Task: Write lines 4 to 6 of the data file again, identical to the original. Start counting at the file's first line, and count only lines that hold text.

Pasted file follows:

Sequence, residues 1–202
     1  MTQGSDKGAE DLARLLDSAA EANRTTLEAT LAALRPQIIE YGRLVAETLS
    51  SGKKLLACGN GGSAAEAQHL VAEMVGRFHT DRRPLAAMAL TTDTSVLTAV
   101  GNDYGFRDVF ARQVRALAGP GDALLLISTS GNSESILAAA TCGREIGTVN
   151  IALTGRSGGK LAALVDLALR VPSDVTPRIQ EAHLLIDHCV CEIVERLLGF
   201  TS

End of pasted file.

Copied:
   101  GNDYGFRDVF ARQVRALAGP GDALLLISTS GNSESILAAA TCGREIGTVN
   151  IALTGRSGGK LAALVDLALR VPSDVTPRIQ EAHLLIDHCV CEIVERLLGF
   201  TS